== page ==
Understanding WiMAX

Understanding WiMAX

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Written By Eric Sandler

By Troy Dreier

October 16, 2007

If you don’t know WiMAX from Wi-Fi, read this primer to get a grip on the basics.

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WiMAX could be the the next big thing. If you don’t know your WiMAX from your Wi-Fi, read this introduction to get your wireless head on straight.

WiMAX basics

WiMAX is a wireless technology based on a standard called IEEE 802.16, which allows for high-speed wireless access of the Internet on a large scale. Think of your home’s Wi-Fi network (which is based on the 802.11 standard), but expanded to include your whole city.

WiMAX is also an open standard, and it’s administered and promoted by the WiMAX Forum which formed way back in 2001. WiMAX is a 4G—or fourth generation—wireless communications technology, and promises better upload and download speeds than 3G networks. But, while the two main 3G networks–CDMA and UMTS–are used for mobile phones, WiMAX aims to go way beyond the cell phone market.

Putting WiMAX through its paces

WiMAX is being tested in nearly 300 trials by various companies around the world. In the U.S., it’s being advanced by Sprint, which has begun building a nationwide WiMAX network. Its WiMAX implementation is called Xohm, which doesn’t have a specific meaning, but which is supposed to sound “Internet-centric and edgy,” according to a Sprint representative. It’s built using the mobile WiMAX standard IEEE 802.16e-2005.

Sprint’s network will run on a (largely unused) spectrum that the company already owns. When the network is in place, Sprint says consumers should be able to get 3-5Mbps when downloading, and 1Mbps when uploading.

A nationwide roll-out can’t happen overnight, so Sprint is using Chicago and Washington D.C./Baltimore as test markets; both will have WiMAX in place by the end of 2007 for a soft launch. This will let Sprint optimize the experience and work out the bugs. Sprint will launch more markets in April of 2008, then more throughout the rest of next year. In all, it plans to offer WiMAX coverage in 20 to 30 major metropolitan areas by the end of 2008, serving 100 million people.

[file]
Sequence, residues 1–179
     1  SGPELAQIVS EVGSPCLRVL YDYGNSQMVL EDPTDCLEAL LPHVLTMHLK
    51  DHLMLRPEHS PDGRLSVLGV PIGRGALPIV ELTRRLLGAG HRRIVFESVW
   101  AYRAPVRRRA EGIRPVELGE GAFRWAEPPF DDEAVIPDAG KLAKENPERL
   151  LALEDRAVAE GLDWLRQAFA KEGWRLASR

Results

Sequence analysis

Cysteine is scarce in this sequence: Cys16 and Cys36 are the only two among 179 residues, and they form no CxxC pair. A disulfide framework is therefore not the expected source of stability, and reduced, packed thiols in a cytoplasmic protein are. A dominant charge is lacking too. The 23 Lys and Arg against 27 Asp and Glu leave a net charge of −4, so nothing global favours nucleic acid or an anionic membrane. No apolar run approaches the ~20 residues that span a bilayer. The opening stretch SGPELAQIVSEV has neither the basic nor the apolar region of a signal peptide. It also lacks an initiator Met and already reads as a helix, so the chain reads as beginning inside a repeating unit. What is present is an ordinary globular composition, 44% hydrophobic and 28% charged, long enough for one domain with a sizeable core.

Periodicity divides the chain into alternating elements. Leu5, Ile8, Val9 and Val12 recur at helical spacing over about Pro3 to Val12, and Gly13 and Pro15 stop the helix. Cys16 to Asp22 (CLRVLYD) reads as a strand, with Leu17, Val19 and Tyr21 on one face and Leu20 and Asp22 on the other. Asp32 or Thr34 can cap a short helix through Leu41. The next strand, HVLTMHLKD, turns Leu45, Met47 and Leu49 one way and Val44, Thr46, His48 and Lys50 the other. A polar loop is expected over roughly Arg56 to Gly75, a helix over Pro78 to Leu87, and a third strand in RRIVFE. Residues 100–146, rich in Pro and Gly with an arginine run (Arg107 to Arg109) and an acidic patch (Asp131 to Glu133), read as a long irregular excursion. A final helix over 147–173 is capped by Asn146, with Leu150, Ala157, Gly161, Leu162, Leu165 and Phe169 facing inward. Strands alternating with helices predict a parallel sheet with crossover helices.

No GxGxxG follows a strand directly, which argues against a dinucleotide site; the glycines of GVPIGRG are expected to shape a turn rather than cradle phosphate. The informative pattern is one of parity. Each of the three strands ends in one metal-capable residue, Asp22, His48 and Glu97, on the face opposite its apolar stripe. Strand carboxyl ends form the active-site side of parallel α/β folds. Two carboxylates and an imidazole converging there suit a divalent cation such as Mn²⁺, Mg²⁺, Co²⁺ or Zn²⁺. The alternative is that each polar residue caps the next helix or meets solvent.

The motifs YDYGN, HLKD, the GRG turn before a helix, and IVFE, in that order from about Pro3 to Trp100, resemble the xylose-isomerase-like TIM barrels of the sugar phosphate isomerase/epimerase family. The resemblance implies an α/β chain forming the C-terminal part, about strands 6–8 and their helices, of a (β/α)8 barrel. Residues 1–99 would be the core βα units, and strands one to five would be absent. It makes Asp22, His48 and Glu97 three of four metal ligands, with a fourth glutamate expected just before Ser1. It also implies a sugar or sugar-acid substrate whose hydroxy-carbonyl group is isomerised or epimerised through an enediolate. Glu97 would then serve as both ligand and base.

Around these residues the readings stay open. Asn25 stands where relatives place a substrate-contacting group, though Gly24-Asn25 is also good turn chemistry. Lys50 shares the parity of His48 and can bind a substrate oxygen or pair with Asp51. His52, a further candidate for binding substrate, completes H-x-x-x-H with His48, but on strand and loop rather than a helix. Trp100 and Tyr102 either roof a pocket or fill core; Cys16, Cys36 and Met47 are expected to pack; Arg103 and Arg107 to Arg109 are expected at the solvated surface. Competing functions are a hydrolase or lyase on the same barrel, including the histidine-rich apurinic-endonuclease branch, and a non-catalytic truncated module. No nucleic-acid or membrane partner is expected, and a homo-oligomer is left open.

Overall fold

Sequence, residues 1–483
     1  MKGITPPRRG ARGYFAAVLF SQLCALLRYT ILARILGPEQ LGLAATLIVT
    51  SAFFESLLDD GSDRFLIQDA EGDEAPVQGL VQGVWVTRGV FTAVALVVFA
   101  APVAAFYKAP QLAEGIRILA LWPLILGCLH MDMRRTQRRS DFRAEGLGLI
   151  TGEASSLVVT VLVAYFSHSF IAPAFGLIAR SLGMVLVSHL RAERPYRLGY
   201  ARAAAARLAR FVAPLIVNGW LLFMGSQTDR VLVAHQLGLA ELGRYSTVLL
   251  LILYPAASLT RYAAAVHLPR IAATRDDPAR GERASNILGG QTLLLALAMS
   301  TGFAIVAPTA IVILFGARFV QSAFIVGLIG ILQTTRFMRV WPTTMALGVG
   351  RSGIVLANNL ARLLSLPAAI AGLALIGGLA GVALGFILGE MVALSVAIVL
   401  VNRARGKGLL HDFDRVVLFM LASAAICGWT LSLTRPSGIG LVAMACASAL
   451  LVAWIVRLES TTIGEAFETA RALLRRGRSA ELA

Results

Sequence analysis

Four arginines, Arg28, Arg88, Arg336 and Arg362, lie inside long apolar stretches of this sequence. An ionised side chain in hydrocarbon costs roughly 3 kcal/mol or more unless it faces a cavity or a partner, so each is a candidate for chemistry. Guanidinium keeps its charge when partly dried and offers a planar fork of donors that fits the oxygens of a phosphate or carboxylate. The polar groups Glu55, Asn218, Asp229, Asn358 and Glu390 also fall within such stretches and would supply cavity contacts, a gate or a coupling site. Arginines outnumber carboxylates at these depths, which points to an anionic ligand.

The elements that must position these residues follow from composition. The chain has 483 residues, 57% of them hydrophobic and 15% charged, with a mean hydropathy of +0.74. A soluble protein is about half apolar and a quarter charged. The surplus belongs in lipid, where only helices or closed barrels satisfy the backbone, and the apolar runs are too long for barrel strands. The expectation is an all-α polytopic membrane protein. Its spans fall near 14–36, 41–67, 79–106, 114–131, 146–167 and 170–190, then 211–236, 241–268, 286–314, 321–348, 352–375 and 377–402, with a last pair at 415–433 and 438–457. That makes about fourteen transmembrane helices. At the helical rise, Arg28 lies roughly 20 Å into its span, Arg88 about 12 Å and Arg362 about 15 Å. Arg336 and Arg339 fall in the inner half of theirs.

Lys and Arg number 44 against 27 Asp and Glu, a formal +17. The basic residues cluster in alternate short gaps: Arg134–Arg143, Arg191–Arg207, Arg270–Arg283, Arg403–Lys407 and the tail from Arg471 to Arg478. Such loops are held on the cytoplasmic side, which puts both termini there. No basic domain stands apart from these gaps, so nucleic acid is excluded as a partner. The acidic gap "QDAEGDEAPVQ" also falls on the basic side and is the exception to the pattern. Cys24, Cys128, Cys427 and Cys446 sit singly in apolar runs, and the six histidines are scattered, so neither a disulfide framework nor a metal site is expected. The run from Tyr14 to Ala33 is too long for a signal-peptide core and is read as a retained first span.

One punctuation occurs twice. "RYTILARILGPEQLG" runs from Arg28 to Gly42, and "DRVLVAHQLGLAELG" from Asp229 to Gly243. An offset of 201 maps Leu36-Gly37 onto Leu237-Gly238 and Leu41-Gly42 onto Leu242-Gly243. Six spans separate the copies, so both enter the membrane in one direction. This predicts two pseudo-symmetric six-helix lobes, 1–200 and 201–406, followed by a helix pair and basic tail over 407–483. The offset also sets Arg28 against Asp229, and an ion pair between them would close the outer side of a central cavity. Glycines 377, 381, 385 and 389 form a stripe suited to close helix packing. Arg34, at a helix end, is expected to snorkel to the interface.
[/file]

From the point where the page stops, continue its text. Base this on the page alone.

While Sprint hasn’t announced WiMAX pricing yet (that should come by the end of 2007), the representative we spoke with suggested that variable rate plans might be an option, with customers paying more for a higher level of bandwidth. The company is planning a portal for WiMAX users, which would offer video content from featured partners. Those partners will also get premium treatment, with guaranteed delivery speeds.

More than mobile phones

Sprint is looking way beyond the cell phone and plans to implement WiMAX access in a variety of ways. The first consumer devices will be modems that will let home networks connect to the Internet with WiMAX like they now connect with cable or DSL.

Sprint is also planning laptop connection cards that will let computers connect to WiMAX networks directly. Those options should arrive by mid-2008, with WiMAX-capable phones following at the end of the year.

The company hopes to embed WiMAX chips in a variety of consumer devices, including cameras and video cameras. That would allow users to upload their video to a network immediately after shooting. Cameras with WiMAX should begin hitting the market in 2009, a rep suggested.

Check back for WiMAX updates as Sprint builds up its network and WiMAX devices hit the market.

This story was adapted from, “WiMAX: What it Is, What it Means for Video,” which originally ran at Web Video Universe.com.

Troy Dreier is a regular contributor to Web Video Universe, PDA Street, Intranet Journal, and Laptop Magazine. He also writes a weekly consumer technology column, which is published in the Jersey Journal newspaper and distributed by the Newhouse News Service. His first book, CNET Do-It-Yourself Home Video Projects: 24 Cool Things You Didn’t Know You Could Do, was published by McGraw-Hill in August.Originally published on.

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